If your goal is to save $10,000 for retirement, a small win would be not ordering a latte or getting a snack from the food cart today. If your goal is to get super-lean, a small win would be making a good choice for dinner and getting your workout in.
When you consistently focus on small wins, they will add up. Eventually, you will get to your big goal.
Second, you need to focus on the process.
Too often, we dwell on getting to our desired end. When you get to the end, you may realize you’re still not completely content.
If you can simply enjoy the process, the daily pursuit of bettering yourself, of getting healthier, of living a better life, you’ll achieve your goals and more.
At times, progress was really slow. The pictures above are taken over a year apart. It. Took. A. Long. Time. I had minor setbacks. There were a few months where my weight and measurements didn’t change. But I knew I was leaps and bounds ahead of where I had been when I started. My overall progress kept me going when monthly progress was slow.
6.) The Goal
The ripped body; being debt free; the maxed-out 401K. You made it. This is where you reminisce about the long journey to get to your goal. You may be bloody and bruised, but you finally made it.
The question is now where do you go from here.
Some people are ecstatic when they reach this level. They knew when they set out this would not suddenly solve every one of the problems they have in life. They knew when they reached their goal, they would have to work to maintain.
Other people feel sad. They thought hitting their goal would make them feel complete. But often, it doesn’t.
If you’re one of the excited people, take a few deep breaths and savor all you’ve accomplished. Be proud of yourself. Then, figure out what it will take to maintain the progress you’ve made.
Those who are discontent will probably look for a new goal to chase. And I think this is ok as long as you know what you’re doing. As long as you realize it’s more about the journey of working towards something than the feel you’ll get at the destination, you can keep at it. The problem lies in thinking that hitting the next goal will solve your problems and make life perfect. You’ll always be left wanting even when you reach a big goal.
If you see reaching a goal as a journey, you’ll enjoy everything so much more.
I have the goal of filling every session of our small group personal training here at Village Fitness. We’ve been working towards this goal since we developed the idea for Village almost a year ago. Even though we haven’t hit our goal yet, I’ve loved every step of the process. We’ve been building a business, meeting new people, helping our clients get in the best shape of their lives, and cultivating an amazing fitness community. Every day I wake up excited to go to work. I simply love what I do. If all I did was dwell on getting to a goal, the last year would have been miserable.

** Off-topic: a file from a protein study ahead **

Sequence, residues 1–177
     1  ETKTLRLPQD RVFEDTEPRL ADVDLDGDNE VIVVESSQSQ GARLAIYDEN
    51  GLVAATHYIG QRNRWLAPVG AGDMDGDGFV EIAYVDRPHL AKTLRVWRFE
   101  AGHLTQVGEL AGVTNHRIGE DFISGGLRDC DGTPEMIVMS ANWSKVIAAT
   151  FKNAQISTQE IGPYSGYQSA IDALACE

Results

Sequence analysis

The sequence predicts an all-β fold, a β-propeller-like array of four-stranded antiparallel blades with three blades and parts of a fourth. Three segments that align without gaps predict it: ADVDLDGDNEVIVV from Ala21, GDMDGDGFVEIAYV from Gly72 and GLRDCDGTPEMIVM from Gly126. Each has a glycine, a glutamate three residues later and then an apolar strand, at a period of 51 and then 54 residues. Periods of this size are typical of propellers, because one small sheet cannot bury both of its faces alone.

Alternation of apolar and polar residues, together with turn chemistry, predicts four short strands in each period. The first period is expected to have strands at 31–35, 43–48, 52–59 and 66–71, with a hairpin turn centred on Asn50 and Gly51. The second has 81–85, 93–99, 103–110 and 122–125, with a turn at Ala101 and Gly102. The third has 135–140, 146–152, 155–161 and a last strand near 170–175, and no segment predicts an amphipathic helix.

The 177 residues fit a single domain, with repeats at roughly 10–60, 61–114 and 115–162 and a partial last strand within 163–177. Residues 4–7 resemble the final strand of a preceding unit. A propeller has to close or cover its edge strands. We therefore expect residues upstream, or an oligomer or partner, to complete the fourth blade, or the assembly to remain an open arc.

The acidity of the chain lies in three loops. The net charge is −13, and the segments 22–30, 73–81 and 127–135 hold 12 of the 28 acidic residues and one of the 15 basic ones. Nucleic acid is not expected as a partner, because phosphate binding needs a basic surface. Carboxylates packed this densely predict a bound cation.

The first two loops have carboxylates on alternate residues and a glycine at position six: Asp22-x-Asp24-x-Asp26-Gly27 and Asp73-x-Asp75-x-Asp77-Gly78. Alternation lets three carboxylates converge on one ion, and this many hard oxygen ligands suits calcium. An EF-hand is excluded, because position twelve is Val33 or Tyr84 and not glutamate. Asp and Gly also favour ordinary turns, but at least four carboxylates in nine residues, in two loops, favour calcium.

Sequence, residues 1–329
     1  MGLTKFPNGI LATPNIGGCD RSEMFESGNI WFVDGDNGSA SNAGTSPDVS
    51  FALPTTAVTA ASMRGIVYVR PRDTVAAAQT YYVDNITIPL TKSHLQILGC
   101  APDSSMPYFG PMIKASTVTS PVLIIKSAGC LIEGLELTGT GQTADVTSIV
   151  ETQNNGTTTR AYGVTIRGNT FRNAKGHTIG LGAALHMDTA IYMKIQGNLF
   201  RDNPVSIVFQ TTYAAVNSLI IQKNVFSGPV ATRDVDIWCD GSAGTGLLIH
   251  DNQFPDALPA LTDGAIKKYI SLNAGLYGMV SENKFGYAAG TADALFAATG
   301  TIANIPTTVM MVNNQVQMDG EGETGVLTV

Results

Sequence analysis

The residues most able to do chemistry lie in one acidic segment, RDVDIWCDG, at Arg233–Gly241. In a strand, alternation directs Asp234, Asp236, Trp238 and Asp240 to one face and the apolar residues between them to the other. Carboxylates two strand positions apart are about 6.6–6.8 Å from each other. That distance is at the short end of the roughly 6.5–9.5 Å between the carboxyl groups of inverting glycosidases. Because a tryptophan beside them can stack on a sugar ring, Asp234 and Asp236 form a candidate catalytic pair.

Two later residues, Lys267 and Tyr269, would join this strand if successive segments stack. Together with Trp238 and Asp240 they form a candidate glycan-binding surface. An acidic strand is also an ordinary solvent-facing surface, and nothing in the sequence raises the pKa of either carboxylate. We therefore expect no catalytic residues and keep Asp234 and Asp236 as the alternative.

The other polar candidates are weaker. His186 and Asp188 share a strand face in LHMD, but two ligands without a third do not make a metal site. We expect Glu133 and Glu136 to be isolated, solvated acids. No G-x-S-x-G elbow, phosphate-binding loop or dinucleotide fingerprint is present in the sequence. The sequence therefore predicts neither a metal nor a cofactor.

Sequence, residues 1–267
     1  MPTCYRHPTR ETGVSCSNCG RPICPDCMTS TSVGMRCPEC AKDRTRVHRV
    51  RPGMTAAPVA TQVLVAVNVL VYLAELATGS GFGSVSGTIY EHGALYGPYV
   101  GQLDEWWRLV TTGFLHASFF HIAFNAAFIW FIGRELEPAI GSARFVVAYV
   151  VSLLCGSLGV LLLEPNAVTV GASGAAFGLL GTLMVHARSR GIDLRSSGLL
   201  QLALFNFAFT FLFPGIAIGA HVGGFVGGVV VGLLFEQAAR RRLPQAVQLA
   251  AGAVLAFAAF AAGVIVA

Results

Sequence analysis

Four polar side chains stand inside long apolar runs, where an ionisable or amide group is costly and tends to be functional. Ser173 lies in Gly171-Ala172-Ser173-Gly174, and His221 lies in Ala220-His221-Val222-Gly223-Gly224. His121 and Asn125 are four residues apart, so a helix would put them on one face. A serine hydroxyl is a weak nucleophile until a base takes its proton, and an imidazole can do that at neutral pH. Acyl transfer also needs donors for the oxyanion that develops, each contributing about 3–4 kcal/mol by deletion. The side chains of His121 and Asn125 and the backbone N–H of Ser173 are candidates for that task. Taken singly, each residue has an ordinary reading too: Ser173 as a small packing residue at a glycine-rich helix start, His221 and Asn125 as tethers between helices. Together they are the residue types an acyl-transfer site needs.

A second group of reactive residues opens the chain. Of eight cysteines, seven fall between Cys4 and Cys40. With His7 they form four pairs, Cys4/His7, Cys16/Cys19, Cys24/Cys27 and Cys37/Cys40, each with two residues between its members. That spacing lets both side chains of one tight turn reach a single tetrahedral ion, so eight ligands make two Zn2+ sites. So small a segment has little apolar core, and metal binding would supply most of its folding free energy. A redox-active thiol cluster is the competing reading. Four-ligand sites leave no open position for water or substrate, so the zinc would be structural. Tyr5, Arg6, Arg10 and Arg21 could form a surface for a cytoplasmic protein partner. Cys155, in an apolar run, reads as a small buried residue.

Learn from your goals. Better yet, learn from the journey to get to your goals. Let the journey shape you and make you into a better version of yourself.
It would be stupid to spend a year getting in the best shape of your life and building habits only to throw it all away and return to your former ways. You’d be crazy to save and sacrifice to pay back a loan quickly only to go buy something you can’t afford.
At the continuation level, you have two choices.
- Maintain what you’ve built
- Move onto a new goal
What you choose is up to you. What’s important is that you purposefully move towards something.
Take a look back at a previous goal you did not achieve. Where in the funnel did you get booted out?
For most of the clients we work with online and in-person, it’s level 4. When disaster strikes and life gets in the way, they give up and retreat. For these people, we plan for the unexpected and roll with the punches.
Maybe for you, it’s simply getting started.
Well, I’m sure you have something you want to accomplish. Otherwise you probably wouldn’t have read this much of my article.
You better get started.